Lower your seat, stand on your pedals, and then slowly pedal in a fairly tight circle while leaning the bike.
Have your buddy walk beside your bike and lightly push the bike sideways by its seat, again, as if to straighten the bike to a more upright position so that you’ll go straight instead of turning. Again, resist! And again, as you get better at it, have them gradually push harder so that you have to resist harder.
Do what it takes to hold your lean. Then switch places.
Those five bike-leaning exercises above don’t translate directly to skills on the trail. They’re designed to get you more familiar with side-to-side bike/body separation and a taste of the stability that’s possible as you get better at leaning the bike when the terrain demands precision.
Side-to-side bike/body separation drills
You can do drills 1-5 below in your yard or driveway, on a quiet street, or in an empty parking lot. You can also do them with any type of bike, not just a mountain bike. I sometimes do them with my townie hybrid bike to and from my morning coffeehouse.
The purpose is to starting grooving the side-to-side bike/body separation habit without having to think/worry about falling off anything.
All these drills involve standing on the pedals.
Drill 1: Lean the bike side to side while coasting in a straight line
While following a straight line like a crease in the pavement or the edge of a sidewalk, lean the bike from side-to-side while coasting.
Experiment with an increasingly wide stance (“cowboy legs”) and a corresponding straight arm/bent elbow motion (“windshield wiper arms”). For progression, see how slow you can coast while continuing to flip it side to side.
Drill 2: Lean the bike side to side while pedaling in a straight line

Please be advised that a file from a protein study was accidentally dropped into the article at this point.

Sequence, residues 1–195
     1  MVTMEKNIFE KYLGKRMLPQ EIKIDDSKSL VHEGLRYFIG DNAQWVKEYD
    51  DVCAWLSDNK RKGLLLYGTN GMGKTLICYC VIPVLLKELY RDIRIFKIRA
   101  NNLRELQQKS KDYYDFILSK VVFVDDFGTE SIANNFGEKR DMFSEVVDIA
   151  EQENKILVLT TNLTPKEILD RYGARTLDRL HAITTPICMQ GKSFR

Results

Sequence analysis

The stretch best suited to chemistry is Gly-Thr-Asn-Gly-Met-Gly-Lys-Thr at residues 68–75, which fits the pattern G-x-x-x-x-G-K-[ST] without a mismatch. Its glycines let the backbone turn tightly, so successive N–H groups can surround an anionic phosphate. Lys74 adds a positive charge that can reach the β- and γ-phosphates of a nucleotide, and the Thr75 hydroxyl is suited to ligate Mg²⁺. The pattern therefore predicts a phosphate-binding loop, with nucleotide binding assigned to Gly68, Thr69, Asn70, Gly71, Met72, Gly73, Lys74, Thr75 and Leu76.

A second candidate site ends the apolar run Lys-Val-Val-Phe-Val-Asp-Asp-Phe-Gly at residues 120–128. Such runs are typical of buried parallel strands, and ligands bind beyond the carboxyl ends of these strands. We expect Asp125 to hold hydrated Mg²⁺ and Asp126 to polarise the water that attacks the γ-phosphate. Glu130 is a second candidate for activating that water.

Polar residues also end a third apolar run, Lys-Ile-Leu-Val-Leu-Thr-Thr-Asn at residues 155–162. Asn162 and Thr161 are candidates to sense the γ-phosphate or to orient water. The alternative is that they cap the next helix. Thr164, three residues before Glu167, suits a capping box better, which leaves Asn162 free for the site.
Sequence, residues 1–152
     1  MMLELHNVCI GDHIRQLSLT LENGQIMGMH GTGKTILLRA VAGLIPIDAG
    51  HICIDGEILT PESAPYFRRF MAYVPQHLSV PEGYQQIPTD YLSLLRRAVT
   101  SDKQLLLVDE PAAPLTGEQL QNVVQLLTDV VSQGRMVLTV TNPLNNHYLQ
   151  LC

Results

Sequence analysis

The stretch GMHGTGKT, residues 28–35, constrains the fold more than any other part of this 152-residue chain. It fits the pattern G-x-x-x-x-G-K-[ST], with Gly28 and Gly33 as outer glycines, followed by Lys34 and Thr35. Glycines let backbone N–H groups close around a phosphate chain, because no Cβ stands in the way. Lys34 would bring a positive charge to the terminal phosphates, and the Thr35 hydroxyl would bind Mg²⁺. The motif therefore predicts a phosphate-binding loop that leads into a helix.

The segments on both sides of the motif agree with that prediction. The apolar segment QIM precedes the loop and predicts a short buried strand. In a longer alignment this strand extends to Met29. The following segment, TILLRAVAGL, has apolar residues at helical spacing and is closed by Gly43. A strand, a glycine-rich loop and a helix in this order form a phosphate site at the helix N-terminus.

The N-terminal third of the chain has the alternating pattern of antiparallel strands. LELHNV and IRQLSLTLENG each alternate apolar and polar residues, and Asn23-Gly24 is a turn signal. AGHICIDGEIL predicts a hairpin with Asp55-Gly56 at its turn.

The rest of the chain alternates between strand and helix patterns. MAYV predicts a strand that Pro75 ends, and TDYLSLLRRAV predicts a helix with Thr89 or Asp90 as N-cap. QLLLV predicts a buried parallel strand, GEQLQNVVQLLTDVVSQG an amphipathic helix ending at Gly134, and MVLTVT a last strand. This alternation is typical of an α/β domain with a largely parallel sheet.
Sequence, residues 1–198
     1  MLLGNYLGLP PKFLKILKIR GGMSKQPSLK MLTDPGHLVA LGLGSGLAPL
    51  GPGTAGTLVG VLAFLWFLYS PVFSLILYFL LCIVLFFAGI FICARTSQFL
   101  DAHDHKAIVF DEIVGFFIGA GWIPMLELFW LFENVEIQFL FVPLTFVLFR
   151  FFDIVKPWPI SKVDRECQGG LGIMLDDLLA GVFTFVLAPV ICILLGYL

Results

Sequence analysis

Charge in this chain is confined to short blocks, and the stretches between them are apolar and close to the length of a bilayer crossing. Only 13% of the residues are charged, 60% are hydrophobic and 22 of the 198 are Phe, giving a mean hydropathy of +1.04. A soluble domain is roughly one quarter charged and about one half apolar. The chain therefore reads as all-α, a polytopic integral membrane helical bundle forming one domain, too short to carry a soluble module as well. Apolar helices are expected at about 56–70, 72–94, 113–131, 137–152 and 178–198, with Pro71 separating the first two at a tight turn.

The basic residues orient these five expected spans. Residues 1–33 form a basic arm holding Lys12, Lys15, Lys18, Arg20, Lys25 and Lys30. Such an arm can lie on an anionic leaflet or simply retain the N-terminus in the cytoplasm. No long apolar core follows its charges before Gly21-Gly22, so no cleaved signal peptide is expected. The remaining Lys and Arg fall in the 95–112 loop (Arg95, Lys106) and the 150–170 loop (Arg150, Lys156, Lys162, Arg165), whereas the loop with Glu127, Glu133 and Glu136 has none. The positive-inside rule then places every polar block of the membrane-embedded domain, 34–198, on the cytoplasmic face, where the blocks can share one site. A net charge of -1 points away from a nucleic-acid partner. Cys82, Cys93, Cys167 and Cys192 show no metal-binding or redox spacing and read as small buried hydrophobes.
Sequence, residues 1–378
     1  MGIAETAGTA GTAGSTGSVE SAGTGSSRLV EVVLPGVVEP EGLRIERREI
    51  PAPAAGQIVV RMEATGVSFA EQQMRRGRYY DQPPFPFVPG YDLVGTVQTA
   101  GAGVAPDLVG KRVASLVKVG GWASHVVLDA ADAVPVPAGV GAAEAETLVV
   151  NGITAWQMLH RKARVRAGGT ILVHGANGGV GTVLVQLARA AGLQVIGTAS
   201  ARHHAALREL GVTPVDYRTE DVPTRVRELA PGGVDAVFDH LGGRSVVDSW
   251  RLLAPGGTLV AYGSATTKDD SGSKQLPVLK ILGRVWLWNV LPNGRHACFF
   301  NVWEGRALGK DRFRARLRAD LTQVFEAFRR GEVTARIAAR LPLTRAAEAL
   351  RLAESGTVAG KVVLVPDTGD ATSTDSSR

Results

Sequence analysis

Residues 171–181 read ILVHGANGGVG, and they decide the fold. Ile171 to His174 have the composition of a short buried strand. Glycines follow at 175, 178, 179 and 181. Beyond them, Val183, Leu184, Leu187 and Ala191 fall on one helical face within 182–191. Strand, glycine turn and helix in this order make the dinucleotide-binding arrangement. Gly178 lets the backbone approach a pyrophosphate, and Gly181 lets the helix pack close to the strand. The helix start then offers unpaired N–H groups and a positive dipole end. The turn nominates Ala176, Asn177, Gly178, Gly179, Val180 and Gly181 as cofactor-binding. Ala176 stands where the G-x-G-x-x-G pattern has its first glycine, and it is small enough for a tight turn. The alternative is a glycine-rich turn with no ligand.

Repeat Drill 1 but pedaling. Standing pedaling introduces a sideways force that needs to be countered with handlebar pressure to keep going straight. Use different speeds and different gears. For progression, see how slow you can pedal while continuing to flip it side to side. Experiment with pedaling against brake pressure.
Drill 3: Coast in a straight line but with the bike leaned to one side only
Repeat Drill 1, but don’t flip the bike from side to side. Keep it leaned to one side only as long as possible, coasting to a stop. Then lean it the other way. Experiment with the pedals in a horizontal position vs vertical.
Drill 4: Lean the bike side to side while coasting in circles
Repeat Drill 1 but ride in circles or figure 8s, not in a straight line. It’s a different experience for most people to turn a bike’s handlebars to the left while leaning it to the right (and vice versa). It helps prepare your muscles and reflexes for those little automatic maneuvers that help keep your balance in tight situations.
Drill 5: Lean the bike side to side while pedaling in circles
Repeat Drill 4 but pedaling. For a more advanced challenge, pedal against brake pressure.
Drill 6: Practice side-to-side bike/body separation on the trail
Most singletrack trails, even those categorized as advanced/expert level, have sections that are easy for you. What usually happens when riding these segments is that we relax, sit on our saddles, and steer the bike by turning the handlebars slightly. It works fine on pavement and it tends to work fine on easy/wide sections of trail. But it’s a habit that’s hard to overcome when the trail gets narrow and demanding.
So for this drill, try to turn the handlebars as little as possible while riding these less demanding sections of trail. Instead, stand on the pedals and concentrate on keeping the bike leaned over beneath you , even when riding straight.
Keeping your body upright, lean the bike left more than you need to at the slightest left turn; lean the bike right more than you need to at the slightest right turn. I find it helps to feel the frame of the bike resting against the inside of my leg.
Preview of Holding a Line, Parts 2 and 3
This fall I’ll have a set of exercises and drills related to all these aspects of holding a line:
- Seat height (when it’s important to lower it)
- Body stance (neutral vs ready/attack)
- Hand pressure on bars
- Where to focus your eyes
- Strategies for falling off/dismounting
To be notified when Parts 2 and 3 become available, subscribe to my free Thick Skull Mountain Bike Skills newsletter.